Before I turn the call to Tim, let me provide an update on our operations in Russia. As previously announced, IPG stopped all new investments in Russia and prepared plans to increase manufacturing of critical components in the United States and Western Europe in order to reduce our reliance on manufacturing capacity in Russia. We continue to make progress with hiring additional employees, allocating workspace for increased production and running second and even third shifts in certain locations.

Our inventories of critical components increased and further lowered our risks of supply chain disruptions. We qualified some third-party suppliers and are now placing orders for some of these components. In the second quarter, we started setting up infrastructure for production increases in Germany, Italy and United States. We expect that most of the manufacturing capacity will be brought online during the course of the rest of the year enabling us to reduce our reliance on Russian components by year-end.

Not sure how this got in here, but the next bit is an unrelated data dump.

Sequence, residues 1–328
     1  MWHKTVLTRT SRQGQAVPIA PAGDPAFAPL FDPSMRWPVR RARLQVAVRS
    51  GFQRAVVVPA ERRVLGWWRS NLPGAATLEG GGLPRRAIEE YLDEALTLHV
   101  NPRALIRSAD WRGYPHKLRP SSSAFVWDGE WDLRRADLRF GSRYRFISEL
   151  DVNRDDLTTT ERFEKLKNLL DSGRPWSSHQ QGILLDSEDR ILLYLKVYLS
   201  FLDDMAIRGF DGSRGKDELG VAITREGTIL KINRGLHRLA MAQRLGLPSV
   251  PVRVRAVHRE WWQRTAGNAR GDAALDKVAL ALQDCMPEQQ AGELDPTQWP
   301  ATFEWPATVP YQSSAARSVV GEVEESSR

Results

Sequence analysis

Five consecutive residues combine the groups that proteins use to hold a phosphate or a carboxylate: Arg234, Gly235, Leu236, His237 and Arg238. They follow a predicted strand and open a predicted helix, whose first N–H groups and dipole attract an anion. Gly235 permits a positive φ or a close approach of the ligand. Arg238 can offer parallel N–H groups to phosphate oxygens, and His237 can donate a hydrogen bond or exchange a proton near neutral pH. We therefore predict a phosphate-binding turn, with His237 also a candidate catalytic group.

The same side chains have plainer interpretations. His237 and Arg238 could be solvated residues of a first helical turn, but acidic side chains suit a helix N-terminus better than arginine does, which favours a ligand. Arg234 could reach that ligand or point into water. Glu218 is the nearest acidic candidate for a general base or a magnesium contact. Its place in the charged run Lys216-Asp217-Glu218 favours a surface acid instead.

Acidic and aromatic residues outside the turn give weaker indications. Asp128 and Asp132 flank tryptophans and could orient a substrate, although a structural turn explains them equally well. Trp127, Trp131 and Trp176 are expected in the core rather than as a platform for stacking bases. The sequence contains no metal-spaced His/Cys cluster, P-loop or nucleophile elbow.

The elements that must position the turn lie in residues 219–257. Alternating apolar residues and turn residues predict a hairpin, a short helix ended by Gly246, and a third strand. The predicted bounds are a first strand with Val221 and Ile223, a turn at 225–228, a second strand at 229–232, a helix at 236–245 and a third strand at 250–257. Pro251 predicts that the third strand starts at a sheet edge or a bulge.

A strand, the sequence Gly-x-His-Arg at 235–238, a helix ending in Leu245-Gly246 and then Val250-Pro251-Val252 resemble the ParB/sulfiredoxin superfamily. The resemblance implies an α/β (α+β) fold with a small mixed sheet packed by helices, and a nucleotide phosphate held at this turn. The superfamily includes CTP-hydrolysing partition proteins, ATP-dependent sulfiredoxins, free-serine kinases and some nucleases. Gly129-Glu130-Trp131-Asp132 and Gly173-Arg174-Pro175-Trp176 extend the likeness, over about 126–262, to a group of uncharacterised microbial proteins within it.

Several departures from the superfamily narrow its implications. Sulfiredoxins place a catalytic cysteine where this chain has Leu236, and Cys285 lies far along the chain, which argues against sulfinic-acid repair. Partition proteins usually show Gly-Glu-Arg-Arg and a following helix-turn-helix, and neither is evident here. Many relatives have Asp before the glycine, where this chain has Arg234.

While our facilities are moving towards ramping up production, our ability to hire additional employees remains challenging. However, we are introducing new production technologies and automation which should eliminate some more labor-intensive steps and increase yields and productivity.

I'll turn the call over to Tim to discuss financial highlights in the quarter.

Tim Mammen
Senior Vice President & Chief Financial Officer at IPG Photonics

Thank you Eugene and good morning everyone. My comments generally will follow the earnings call presentation which is available on our investor relations website. I will start with the financial review on the Slide 4.